Discover more from Christopher Titmuss - The Buddha Wallah
It is time to open the doors of the churches to the local community
Our churches in Britain are empty or virtually empty except for the Sunday morning service, the odd wedding and baptism. There is an ageing population of church goers.
The average age of church attendance for the Church of England is 50 years plus with an average of around 60 citizens attending a Sunday service. Around 5% of the population go to one of the 50,600 churches in the UK. Church attendance has slumped by 25% in the past 15 years.
With so little interest in the Church, you would think the many churches occupying prime locations in every city, town and village could be demolished or converted into small flats to give homes to the poor or as recreational centres for the young and elderly. No council would dare sanction the demolition of a beautiful church with its centuries of tradition. It would prefer it remained unused and unvisited rather than question the attachment of local citizens to these buildings.
So tens of thousands of churches stand mostly empty with locked doors most of the time. The bricks, concrete and stained glass windows have become remnants of an era when most people attended church.
It is surely time to open the doors of all the churches for the general public. There is a glorious precedent for this. Those magnificent gothic cathedrals in Europe, first built in the 12th century, were used for various functions, both religious and non-religious. With the large interior space, local citizens came to celebrate various holidays, hosted fairs, markets while pilgrims, with their dogs, slept inside churches.
Church leaders appreciated their wealthy patrons and the generations of peasants, who built all these great monuments to God while the same peasants knew they and their families had free access to the interior for various activities that would benefit the local community. Poor and rich alike had the opportunity to meet in the formal and informal occasions inside the church. These churches offered sanctuary for all.
Numerous meetings were held regularly in the churches that brought local people together to share their ideas and concerns. Priests, monks and nuns living next to the church played an important role in the daily life of the community.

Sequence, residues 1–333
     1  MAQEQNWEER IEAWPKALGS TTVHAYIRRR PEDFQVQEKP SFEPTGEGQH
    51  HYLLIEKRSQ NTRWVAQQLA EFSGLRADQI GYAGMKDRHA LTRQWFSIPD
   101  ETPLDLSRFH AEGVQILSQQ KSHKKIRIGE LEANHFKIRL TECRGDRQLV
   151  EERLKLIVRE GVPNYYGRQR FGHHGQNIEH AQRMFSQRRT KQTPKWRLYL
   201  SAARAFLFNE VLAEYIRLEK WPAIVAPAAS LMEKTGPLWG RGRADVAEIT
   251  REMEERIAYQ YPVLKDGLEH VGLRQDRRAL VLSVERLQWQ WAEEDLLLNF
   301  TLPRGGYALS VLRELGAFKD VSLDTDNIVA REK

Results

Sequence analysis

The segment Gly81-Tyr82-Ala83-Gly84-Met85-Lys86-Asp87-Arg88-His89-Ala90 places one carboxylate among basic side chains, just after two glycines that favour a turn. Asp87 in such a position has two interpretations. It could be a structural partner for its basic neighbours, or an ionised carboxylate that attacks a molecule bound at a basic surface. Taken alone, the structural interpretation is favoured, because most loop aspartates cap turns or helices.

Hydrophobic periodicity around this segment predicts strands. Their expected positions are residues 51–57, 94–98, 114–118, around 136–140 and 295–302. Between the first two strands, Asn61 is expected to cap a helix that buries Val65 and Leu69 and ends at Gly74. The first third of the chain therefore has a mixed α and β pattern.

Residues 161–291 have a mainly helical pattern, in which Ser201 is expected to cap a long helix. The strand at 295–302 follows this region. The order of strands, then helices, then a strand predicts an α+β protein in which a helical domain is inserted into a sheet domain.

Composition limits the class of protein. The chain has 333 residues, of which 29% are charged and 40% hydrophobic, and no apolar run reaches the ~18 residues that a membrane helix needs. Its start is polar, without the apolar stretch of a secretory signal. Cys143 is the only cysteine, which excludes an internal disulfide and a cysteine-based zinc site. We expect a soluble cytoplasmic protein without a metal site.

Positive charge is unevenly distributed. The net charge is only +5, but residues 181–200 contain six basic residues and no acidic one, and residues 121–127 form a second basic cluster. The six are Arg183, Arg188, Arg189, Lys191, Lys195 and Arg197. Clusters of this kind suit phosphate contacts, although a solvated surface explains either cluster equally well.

Being the largest building in any location, the church acted as the physical, social and spiritual centre for the local community as well as for visitors. People met together in the church which served as a repository for knowledge, history and social activities.
We have witnessed the massive decline of interest in the church as the centre of social life and seen corporate towers and skyscraper banks become the biggest buildings with the glorification of money – at the expense of community life.
Within its walls, churches can offer, as centuries ago, fairs, festivals, debates, art exhibitions, legal analysis, charitable functions,science, prayer meetings, yoga, meditation, chanting, a welcome to people moving to the area and hospitality for visitors. The church can once again become a living centre for the spiritual and the secular. If you are a believer, you could consider such re-awakening of church /community life to be for the glory of God.
Today the Church is largely irrelevant.
Churches welcoming renewal would quickly re-discover its relevance in the local community. It is time to throw out most of the empty pews, the boring rituals and generate creative religious services and teachings emphasising the core message of Jesus namely the significance of love, the community and liberation.